Guest Post by William Burg
On July 4, 1894, two companies of Sacramento militia, bayonets at the ready, faced three thousand strikers at the Southern Pacific passenger depot on Second and H Street, main entrance to the Southern Pacific Shops. The soldiers, all Sacramento residents, stared down their rifles at neighbors, friends, family and coworkers. Their orders were to retake the Shops from the American Railway Union (ARU) strikers, by force if necessary. A third company of Sacramento militia had refused orders and remained at the armory. The strikers, unarmed, had only their bodies to stop the militiamen. “You wouldn’t put that steel through me, would you, Bill?” said one striker to his brother in uniform. “Go ahead, Jack; jab your bayonet through me, and make your sister a widow,” said another. “Go ahead boys, and run us through, we might as well die here as to starve.”
California National Guardsmen in Capitol Park
The Sacramento militia commander, Brigadier General Timothy Sheehan, considered the situation. Behind him were San Francisco guardsmen, exhausted after an overnight trip to Sacramento, poorly fed, and entirely unused to Sacramento’s scorching summer heat. In front of his soldiers were strikers unwilling to yield. And on July 4, any random firecracker could be misinterpreted as a gunshot, setting off a bloodbath. Upon his arrival at the Shops, he saw that the strikers included women and children, even babies, and an atmosphere that seemed more like a picnic than a strike, until his soldiers arrived with fixed bayonets. Sheehan asked strikers to disperse. Major Harris Weinstock, partner in the Weinstock & Lubin department store and Sheehan’s executive officer, repeated the command. The strikers answered in chorus, “You can never enter here unless you do so over our dead bodies.”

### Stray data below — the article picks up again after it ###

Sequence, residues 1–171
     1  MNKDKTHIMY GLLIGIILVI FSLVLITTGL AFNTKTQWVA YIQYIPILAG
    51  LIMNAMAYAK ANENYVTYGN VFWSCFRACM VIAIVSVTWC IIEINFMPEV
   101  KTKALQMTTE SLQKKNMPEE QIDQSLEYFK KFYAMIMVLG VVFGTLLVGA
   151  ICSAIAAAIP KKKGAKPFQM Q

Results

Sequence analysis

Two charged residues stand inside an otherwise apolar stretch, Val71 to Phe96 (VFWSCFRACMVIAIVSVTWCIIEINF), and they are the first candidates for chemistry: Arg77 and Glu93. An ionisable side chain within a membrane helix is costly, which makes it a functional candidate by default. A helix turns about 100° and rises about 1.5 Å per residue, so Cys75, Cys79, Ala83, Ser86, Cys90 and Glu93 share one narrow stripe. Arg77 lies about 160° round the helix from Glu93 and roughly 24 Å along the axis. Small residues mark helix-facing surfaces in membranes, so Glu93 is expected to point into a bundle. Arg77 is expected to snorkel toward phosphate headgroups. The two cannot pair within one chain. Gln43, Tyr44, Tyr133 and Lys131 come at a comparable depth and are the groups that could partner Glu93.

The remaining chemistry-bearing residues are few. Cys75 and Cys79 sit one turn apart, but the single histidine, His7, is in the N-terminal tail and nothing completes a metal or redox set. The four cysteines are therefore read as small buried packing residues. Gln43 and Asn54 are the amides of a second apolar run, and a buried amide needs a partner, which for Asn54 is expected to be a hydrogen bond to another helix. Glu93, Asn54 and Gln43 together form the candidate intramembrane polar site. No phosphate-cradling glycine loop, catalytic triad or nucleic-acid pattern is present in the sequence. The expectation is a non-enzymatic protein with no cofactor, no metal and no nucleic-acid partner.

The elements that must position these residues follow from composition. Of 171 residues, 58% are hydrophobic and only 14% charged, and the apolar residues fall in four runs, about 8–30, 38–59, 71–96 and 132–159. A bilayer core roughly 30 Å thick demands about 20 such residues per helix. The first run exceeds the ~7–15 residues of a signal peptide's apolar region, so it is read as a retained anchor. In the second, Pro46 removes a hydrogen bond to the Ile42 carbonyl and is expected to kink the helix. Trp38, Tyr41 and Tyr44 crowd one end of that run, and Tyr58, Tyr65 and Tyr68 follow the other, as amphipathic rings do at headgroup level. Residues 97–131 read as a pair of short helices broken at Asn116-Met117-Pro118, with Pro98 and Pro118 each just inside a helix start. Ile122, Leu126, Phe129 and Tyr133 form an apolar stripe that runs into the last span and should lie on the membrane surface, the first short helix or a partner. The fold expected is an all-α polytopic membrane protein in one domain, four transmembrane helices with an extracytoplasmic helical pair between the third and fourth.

The nerve of the militia broke first. Some unloaded their weapons, or even handed their rifles to the strikers. Another company from Stockton retreated to nearby shade, accepting an offer by ARU strikers of iced lemonade (the entire unit was later dishonorably discharged and imprisoned.) Sheehan reported the situation to his superior officer, who turned command over to U.S. Marshal Barry Baldwin. Baldwin dispatched the Sacramento companies to guard the bridges over the Sacramento and American rivers, and climbed atop a locomotive cab, hoping to persuade the strikers with force of oratory where arms had failed, to no avail. The Shops workers cheered as the soldiers returned to the armory at Sixth and M Street, but their victory was short-lived.
Strikers jeer US Marshall Barry Baldwin
The struggle at the Shops began on June 28, 1894, spurred by events half a continent away, at the company-owned town of Pullman, Illinois, home of the Pullman Palace Car Company. Pullman’s patented “sleeper” passenger cars were synonymous with long-distance train travel and used on nearly every railroad. An 1893 depression brought on by railroad bankruptcies and resulting bank failures meant a dramatic drop in Pullman car sales. Pullman cut their employees’ wages by 30%. These wage cuts outraged workers. The company also refused to lower rent in their company-owned housing, and the cuts came just as stockholders received an 8% dividend. Pullman employees, members of the ARU, voted to strike and walked out on May 11, 1894.
On June 27, the strike was still unresolved, and ARU president Eugene V. Debs called on all members belonging to railroads west of Chicago to stop any train with Pullman-owned cars—in other words, nearly every passenger train. The ARU was a new union, founded in 1893 and not officially recognized by the railroads. Some railroad workers, including engineers, firemen and brakemen, already had their own unions, but many, including boilermakers, blacksmiths, and car builders, did not. The ARU was open to all railroad employees, attracting thousands of workers in cities like Pullman and Sacramento, who built or serviced railroad equipment but lacked union representation. In August 1893, the fledgling ARU forced the Great Northern Railway to roll back wage cuts, its first and only victory. The Pullman strike was the second major effort by the new union to exercise its strength, with dramatic results that stopped trains across half the continent.